I make the trip over to the GW McLennan tent full of anticipation. I’m a long-time fan of Sydney band Bridezilla but I’ve never seen them play live. Holiday (lead vocals/guitar/keys), Pia (guitar), Daisy (violin), Millie (saxophone) and Josh (drums) walk on stage and immediately knock me over. The goose bumps break out all over my body and stay put throughout the entire set. They create a sonic landscape like I’ve never heard before. I think it’s the way the sax and violin add unexpected and highly emotive elements to the mix. Holiday reminds me of Courtney Love but with so much more class and allure, the way Daisy attacks the violin and darts around the stage takes my breath away and Millie makes playing the saxophone sexy. The band have released an EP but before launching into ‘Speaking To Soft Toys’ Holiday informs us that it will be on the new album that was mastered just last night and could very well be in our back pockets soon. I can’t wait.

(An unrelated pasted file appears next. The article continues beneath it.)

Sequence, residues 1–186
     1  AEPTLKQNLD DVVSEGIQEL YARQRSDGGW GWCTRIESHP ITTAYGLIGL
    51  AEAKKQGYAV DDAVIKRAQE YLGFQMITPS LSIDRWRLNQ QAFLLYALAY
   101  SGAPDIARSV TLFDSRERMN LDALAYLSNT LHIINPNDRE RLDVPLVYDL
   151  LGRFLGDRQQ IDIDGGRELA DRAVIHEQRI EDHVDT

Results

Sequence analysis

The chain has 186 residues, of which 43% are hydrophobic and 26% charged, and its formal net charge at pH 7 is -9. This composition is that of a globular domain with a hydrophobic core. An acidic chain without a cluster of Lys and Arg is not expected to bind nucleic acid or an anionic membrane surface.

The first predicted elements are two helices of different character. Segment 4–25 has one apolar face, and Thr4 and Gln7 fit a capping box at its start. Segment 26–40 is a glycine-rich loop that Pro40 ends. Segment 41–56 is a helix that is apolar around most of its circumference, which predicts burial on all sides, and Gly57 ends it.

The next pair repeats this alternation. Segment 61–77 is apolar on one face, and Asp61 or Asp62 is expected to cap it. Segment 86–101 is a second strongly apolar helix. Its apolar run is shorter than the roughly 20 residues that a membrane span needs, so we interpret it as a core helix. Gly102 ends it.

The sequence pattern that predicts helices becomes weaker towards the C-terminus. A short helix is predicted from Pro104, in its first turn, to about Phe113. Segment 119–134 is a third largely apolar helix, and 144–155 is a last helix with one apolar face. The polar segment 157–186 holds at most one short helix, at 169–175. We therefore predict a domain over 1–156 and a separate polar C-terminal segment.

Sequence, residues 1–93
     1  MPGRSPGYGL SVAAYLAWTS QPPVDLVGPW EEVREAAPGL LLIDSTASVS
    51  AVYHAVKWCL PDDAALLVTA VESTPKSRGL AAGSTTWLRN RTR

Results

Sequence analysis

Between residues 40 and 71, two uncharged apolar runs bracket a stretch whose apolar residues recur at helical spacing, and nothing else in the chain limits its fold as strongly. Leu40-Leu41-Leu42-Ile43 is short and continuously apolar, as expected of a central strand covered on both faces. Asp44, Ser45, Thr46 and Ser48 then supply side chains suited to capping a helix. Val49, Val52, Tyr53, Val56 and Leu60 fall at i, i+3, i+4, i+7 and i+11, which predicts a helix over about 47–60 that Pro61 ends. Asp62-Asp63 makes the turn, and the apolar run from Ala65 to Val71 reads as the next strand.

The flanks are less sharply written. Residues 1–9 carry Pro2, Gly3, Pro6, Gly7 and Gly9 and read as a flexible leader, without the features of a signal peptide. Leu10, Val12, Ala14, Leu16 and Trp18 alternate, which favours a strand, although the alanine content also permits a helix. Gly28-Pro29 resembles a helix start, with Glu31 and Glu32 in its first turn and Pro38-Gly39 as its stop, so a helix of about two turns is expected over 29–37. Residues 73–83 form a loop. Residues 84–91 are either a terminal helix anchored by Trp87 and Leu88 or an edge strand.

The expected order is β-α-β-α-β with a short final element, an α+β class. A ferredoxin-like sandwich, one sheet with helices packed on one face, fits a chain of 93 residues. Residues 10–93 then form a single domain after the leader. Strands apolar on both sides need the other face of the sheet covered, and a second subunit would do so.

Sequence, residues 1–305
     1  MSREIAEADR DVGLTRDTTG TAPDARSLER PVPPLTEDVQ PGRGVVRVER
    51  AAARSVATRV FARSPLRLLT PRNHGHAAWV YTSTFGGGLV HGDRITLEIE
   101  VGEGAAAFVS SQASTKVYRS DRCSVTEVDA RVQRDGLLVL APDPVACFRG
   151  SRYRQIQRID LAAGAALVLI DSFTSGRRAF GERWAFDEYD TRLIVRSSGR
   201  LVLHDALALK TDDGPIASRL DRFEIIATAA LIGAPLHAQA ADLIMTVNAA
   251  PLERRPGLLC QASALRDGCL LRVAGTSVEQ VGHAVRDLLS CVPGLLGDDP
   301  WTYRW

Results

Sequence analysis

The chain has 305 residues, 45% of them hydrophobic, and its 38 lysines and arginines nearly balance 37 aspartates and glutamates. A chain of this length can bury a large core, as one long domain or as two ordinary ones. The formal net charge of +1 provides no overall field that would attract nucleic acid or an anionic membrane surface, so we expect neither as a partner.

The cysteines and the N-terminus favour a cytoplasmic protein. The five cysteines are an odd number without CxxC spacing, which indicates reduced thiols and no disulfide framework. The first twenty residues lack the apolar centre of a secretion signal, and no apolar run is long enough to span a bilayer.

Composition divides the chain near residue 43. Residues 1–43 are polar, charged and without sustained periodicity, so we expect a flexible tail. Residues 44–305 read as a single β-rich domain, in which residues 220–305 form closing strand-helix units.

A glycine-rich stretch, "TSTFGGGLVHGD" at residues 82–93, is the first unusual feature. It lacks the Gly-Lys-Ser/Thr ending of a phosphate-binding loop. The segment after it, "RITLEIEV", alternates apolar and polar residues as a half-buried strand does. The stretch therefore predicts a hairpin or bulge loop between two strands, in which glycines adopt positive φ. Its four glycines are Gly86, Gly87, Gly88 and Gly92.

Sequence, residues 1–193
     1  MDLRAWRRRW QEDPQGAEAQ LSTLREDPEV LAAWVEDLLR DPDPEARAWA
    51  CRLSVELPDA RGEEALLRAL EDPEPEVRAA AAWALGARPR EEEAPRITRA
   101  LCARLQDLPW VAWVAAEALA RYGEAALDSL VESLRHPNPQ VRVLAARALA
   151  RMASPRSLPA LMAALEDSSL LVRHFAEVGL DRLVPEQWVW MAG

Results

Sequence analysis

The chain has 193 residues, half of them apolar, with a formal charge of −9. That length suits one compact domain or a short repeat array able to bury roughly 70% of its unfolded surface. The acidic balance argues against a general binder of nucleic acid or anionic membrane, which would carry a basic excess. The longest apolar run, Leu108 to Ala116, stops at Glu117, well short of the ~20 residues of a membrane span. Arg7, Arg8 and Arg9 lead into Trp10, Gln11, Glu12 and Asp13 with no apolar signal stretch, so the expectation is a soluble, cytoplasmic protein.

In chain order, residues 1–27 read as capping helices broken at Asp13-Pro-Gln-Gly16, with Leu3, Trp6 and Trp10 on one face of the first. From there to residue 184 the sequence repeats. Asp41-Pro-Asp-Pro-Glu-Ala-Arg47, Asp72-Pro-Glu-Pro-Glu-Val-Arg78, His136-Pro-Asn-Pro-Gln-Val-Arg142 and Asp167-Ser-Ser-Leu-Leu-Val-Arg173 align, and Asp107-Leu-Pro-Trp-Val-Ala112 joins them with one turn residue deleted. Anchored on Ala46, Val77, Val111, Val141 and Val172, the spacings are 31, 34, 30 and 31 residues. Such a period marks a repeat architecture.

Little Red are playing Splendour for the second year in a row but they’ve definitely moved up in the world. They’re playing the main stage, Supertop. I head in thinking the choice of stage is a little ambitious but I’m pleasantly surprised – it’s packed! Stare in Love sets things off nicely and is followed up with Forget About Your Man and Coca Cola. They’re still all dueling guitars, shared mics and tambourines but the sound is much more filled out. They sing about mustangs and dancing and a little darlin’. If you close your eyes you could be down on the beach, long board on one arm and the other around the waist of a sweet young thing. But today’s set tells me their soon-to-be-released second album will have a slightly different feel.